Husqvarna WR300 Used Bike Review | Used Bikes
The Husqvarna WR300 was a trailbike that came in well under the price of its competitors. It was produced in the days before KTM’s takeover of the Swedish brand.
This is why the Husqvarna WR300 from this era looks very different to the current ones. During the period of BMW ownership from 2007 and 2013, Huskies were still designed and built in Varese.
The WR was cheap, but it did have its gremlins. Occasionally I’ve seen engines lean out due to the reed block leaking, which led to the piston melting, and other times I would see them with dead ignitions. The stators like to pack it in as they can get moisture under the cover.
Other things I would regularly see were either broken, stripped or completely missing engine-mount bolts, or the engine mounts themselves would be gone, and the wiring harness had a habit of breaking around the steering head or under the fuel tank and seat.
The engine mounts could be fixed with some high tensile bolts and a tube of automotive silicone if you are handy enough with tools but the wiring harness was a tricky problem. I have seen people try plastic conduit but this does not solve the issue of the wires moving and breaking from wear. Fortunately, the breakages only happen once the bike has had a significant amount of use.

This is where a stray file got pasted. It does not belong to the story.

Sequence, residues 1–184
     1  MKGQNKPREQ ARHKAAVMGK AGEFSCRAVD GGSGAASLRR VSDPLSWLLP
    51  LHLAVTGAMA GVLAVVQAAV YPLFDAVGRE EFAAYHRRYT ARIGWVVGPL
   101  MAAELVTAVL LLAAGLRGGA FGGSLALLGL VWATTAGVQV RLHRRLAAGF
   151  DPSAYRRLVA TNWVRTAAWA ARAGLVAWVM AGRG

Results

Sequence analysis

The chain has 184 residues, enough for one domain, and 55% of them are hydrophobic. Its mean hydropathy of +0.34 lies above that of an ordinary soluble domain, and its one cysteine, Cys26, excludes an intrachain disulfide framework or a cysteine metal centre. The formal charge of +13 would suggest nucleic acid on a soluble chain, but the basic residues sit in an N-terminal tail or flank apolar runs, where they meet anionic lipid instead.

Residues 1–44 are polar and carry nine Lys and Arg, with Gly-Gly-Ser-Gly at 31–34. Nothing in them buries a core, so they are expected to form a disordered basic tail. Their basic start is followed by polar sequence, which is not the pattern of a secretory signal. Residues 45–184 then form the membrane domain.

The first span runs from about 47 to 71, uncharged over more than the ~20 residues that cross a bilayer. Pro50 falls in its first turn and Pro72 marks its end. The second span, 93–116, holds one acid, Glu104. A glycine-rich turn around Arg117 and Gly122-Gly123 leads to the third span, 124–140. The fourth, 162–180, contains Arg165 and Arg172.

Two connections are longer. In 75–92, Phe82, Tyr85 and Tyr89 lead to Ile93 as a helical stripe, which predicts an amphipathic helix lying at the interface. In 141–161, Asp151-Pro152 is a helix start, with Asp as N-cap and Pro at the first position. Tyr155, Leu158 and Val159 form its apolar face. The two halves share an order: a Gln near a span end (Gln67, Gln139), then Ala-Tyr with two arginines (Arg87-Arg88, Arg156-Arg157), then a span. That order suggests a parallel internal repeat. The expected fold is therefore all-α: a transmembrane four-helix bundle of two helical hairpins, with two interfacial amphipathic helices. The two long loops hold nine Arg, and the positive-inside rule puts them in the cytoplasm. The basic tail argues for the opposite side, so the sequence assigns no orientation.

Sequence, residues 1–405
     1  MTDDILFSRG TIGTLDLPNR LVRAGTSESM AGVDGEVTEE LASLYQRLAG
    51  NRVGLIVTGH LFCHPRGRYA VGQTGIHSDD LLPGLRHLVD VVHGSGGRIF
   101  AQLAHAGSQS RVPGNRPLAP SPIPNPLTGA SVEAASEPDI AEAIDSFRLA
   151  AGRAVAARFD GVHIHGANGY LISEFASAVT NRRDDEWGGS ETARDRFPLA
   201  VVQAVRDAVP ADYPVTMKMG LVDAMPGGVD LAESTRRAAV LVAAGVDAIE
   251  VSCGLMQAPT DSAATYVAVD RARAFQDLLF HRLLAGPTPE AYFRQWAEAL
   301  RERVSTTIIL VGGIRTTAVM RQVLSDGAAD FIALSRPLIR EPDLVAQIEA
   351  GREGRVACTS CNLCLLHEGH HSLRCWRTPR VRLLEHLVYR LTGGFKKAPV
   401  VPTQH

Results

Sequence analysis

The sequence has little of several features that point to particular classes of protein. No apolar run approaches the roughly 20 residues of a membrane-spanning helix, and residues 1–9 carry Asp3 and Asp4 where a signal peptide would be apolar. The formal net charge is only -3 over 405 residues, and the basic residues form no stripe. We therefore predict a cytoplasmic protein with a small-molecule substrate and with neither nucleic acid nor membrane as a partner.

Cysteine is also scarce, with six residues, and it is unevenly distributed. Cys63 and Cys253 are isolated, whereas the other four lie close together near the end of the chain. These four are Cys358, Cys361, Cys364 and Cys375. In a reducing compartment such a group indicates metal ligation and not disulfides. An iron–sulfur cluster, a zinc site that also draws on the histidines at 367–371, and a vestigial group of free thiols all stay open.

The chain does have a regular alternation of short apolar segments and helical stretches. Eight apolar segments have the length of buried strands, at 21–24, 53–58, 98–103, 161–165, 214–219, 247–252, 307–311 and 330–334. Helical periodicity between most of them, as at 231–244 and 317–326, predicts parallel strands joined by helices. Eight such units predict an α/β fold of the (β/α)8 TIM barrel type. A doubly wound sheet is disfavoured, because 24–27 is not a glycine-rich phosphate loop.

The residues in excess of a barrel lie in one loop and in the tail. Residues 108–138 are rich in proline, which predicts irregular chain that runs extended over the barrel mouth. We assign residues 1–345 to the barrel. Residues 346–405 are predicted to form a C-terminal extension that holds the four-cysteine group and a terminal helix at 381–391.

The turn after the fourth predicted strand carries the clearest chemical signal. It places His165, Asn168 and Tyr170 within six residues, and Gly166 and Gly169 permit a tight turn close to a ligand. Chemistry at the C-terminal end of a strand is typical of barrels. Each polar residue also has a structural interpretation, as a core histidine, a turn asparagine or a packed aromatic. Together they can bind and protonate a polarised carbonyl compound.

If you are looking at a second-hand Husqvarna WR300 then make sure it starts easily and the engine does not rattle. If it idles easily then that’s an indication that the donk is in pretty good order. Ride the bike, make sure the clutch does not slip and that the transmission selects all gears without jumping out or slipping.
Check the chromoly frame for cracks and the wheel bearings, as these have a habit of seizing over time. The Marzocchi fork and Sachs shock were not fan favourites as they could be difficult to tune but make sure they are in good order. The rear floating disc liked to move around a lot and made plenty of noise, especially when you were pushing or riding slowly.
If there is excessive movement in the disc then it is possible to replace it with a solid one to reduce the noise. Take a good look over the bike for oil leaks and check the coolant and gearbox oil to see if it’s clean. If the gearbox oil is milky that could indicate a leaking coolant pump seal.
Check the airbox to see if it has been cleaned and maintained and have a good look over the wiring harness. Most of the time the lights and harness is long gone on these bikes but if it is still all there then it will make getting the bike registered much easier.
The WR was, and can still be, a good trailbike. They can be picked up cheap with parts still available. They are easy to repair so if you want something pre-Kato then the 300 is a good place to start. Tech Ed Mat Boyd
Husqvarna WR300 Price Guide
2009 $2700 – $3250
2010 $3000 – $3550
2011 $3300 – $3900
2012 $3700 – $4350
2013 $3900 – $4600
*Prices according to redbook.com.au